In order for improvements to last, they must be standardized and repeatable. Standardizing work is crucial to kaizen because it creates a baseline for improvement. When you make improvements to a process, it’s essential to document the new standard work in order to sustain the improvements and create a new baseline. Standard work also reduces variability in processes and promotes discipline, which is essential for continuous improvement efforts to take root.

Lean Tip #2899 – Create Your Own Kaizen Guidelines

While there are many resources available to guide you through your kaizen efforts, it’s important to personally understand your company’s kaizen journey. Reflecting on your kaizen efforts after improvements have been implemented is an important part of the continuous improvement cycle.

As you reflect on your efforts, develop your own kaizen guidelines. Start by creating guidelines based on your own experiences improving the workplace. Keep in mind that these guidelines should be for your colleagues, your successors, and yourself to understand the problems you have overcome. These guidelines will ultimately help you as you approach your next challenge.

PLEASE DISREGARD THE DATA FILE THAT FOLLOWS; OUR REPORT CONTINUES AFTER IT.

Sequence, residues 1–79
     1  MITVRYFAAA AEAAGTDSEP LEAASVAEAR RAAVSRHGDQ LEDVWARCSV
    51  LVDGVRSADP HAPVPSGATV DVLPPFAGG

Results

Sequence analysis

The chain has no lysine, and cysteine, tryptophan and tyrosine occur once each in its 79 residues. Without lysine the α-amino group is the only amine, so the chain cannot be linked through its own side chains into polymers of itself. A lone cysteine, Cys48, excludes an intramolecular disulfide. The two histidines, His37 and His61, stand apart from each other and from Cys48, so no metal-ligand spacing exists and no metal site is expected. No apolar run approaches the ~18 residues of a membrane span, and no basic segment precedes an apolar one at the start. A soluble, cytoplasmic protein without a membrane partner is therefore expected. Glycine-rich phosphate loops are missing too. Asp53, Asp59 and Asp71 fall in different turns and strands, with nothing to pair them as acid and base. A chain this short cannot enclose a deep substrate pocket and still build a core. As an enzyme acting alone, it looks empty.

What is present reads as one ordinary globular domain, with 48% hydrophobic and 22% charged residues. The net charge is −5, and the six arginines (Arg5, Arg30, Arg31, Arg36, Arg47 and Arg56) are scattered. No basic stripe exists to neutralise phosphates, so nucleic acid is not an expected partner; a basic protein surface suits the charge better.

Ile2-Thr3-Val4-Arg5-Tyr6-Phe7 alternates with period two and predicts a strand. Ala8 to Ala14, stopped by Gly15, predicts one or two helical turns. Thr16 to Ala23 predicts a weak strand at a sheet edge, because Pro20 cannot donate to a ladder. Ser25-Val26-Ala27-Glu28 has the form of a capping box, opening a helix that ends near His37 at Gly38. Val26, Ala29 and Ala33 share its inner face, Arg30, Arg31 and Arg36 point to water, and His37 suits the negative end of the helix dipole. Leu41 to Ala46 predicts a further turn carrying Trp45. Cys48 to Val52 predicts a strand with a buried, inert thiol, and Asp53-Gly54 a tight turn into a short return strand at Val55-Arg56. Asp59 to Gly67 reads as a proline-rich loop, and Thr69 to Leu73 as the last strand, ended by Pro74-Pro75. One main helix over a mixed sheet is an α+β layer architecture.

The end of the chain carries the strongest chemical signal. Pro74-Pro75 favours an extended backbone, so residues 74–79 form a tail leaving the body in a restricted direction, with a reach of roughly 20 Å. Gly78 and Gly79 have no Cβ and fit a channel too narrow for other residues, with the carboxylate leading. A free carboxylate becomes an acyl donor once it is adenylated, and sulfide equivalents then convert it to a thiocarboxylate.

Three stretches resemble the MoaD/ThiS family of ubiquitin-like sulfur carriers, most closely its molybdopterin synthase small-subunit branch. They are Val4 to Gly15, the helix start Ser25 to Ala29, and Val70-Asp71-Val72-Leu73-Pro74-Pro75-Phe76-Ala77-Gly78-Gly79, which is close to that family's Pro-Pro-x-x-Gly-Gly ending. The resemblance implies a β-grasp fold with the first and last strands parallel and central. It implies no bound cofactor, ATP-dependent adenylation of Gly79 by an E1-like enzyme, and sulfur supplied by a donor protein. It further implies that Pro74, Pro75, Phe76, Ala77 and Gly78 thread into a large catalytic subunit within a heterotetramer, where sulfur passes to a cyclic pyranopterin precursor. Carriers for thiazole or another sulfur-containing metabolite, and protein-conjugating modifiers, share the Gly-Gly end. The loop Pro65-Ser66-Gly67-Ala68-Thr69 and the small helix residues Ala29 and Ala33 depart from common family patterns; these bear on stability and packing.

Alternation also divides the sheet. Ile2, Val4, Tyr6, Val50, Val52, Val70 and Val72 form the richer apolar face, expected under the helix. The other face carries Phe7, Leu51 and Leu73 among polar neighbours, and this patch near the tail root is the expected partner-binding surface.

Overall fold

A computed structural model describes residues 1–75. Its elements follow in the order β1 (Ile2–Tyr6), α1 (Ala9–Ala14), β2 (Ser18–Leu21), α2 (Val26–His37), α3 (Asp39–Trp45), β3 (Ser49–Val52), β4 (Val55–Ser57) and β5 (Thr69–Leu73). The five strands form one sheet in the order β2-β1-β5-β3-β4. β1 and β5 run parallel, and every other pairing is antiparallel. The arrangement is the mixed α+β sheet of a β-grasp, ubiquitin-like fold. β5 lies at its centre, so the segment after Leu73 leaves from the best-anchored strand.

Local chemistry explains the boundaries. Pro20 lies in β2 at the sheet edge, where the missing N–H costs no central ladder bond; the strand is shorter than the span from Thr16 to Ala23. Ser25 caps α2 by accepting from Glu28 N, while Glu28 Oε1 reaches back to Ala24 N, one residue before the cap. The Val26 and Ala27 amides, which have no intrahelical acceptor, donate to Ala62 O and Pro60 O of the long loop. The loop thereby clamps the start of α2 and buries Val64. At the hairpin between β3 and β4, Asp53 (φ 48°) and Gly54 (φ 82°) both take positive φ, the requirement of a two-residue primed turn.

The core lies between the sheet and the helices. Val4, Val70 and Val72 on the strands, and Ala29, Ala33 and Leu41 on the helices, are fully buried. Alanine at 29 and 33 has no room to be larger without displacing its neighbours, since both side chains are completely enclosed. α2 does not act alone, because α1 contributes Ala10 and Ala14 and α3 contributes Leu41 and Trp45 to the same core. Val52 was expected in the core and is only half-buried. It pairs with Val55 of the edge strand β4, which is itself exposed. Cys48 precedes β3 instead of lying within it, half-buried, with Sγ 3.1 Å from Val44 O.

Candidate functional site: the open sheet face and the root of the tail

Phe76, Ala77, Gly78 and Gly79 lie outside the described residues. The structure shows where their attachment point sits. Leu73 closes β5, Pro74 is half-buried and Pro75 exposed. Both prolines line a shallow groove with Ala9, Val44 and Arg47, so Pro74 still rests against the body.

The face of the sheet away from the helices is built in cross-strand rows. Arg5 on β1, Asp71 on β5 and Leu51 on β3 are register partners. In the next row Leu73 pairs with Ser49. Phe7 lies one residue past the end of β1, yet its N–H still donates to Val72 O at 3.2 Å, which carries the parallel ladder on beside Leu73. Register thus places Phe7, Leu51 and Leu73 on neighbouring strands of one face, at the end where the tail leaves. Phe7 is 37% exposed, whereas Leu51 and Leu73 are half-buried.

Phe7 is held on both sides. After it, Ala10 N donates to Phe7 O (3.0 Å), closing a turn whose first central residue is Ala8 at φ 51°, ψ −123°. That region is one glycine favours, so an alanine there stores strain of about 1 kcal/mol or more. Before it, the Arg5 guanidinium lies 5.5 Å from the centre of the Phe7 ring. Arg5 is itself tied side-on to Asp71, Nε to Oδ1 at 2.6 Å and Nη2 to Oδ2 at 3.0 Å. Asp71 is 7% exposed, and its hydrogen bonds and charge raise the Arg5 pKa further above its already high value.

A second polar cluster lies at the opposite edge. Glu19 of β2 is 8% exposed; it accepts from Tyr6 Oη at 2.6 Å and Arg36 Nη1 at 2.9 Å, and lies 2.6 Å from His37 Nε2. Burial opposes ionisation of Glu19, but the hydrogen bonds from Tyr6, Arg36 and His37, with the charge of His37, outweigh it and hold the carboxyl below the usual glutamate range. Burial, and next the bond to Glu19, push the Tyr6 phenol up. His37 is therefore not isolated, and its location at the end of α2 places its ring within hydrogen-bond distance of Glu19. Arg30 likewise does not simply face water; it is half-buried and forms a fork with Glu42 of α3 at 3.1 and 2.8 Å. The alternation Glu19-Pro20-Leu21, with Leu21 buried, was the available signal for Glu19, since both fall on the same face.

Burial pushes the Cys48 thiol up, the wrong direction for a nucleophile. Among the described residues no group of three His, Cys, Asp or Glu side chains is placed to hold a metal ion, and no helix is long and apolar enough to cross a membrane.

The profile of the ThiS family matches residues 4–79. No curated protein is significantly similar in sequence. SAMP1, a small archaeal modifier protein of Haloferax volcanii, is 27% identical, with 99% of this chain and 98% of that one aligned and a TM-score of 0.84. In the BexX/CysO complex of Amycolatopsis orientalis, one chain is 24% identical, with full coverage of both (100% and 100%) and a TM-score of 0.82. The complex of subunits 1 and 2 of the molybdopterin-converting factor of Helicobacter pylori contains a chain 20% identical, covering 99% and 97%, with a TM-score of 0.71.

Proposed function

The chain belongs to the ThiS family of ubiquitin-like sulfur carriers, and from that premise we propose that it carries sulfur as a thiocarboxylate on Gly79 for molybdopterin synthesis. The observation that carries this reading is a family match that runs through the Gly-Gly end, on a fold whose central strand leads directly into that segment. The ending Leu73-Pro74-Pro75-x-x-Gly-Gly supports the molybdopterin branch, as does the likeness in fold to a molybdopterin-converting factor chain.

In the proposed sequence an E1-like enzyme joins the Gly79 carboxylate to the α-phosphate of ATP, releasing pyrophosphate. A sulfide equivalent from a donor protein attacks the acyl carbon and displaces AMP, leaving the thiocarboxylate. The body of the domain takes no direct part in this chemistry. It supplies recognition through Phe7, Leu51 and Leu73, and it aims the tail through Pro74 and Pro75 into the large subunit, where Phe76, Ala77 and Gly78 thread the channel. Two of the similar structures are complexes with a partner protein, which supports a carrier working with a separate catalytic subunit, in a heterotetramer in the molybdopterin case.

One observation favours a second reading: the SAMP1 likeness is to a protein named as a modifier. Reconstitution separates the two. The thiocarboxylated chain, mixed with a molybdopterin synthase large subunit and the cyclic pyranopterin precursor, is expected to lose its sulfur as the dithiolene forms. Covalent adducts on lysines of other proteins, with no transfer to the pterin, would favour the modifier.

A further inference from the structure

Lean Tip #2900 – Enforce Improvements

It’s easy for employees to regress to their old ways. Enforcing the changes you’ve made to your processes is important for the improvements you’ve made to last, and it’s key to sustaining continuous improvement in the long term.

Documenting improvements, making sure standard work is up-to-date, and training employees on new procedures can help sustain the progress you’ve made in your continuous improvement efforts.

Lean Tip #2901 – Problem Solving Starts With Clearly Defining The Problem.

It’s hard to solve a nebulous problem you never took the time to clearly define. No workplace is perfect, and there are usually a variety of interrelated problems that can be solved at any one time. If you find yourself getting overwhelmed and distracted during the problem-solving process, go back to step one and make sure you are approaching a singular problem.

Lean Tip #2902 – Focus on the Solutions, Not the Problems.

It’s easy to become hyper focused on the conditions that created the problem. Shifting your focus away from the current problem to possible outcomes and solutions can give you a more positive outlook and open your eyes to new solutions.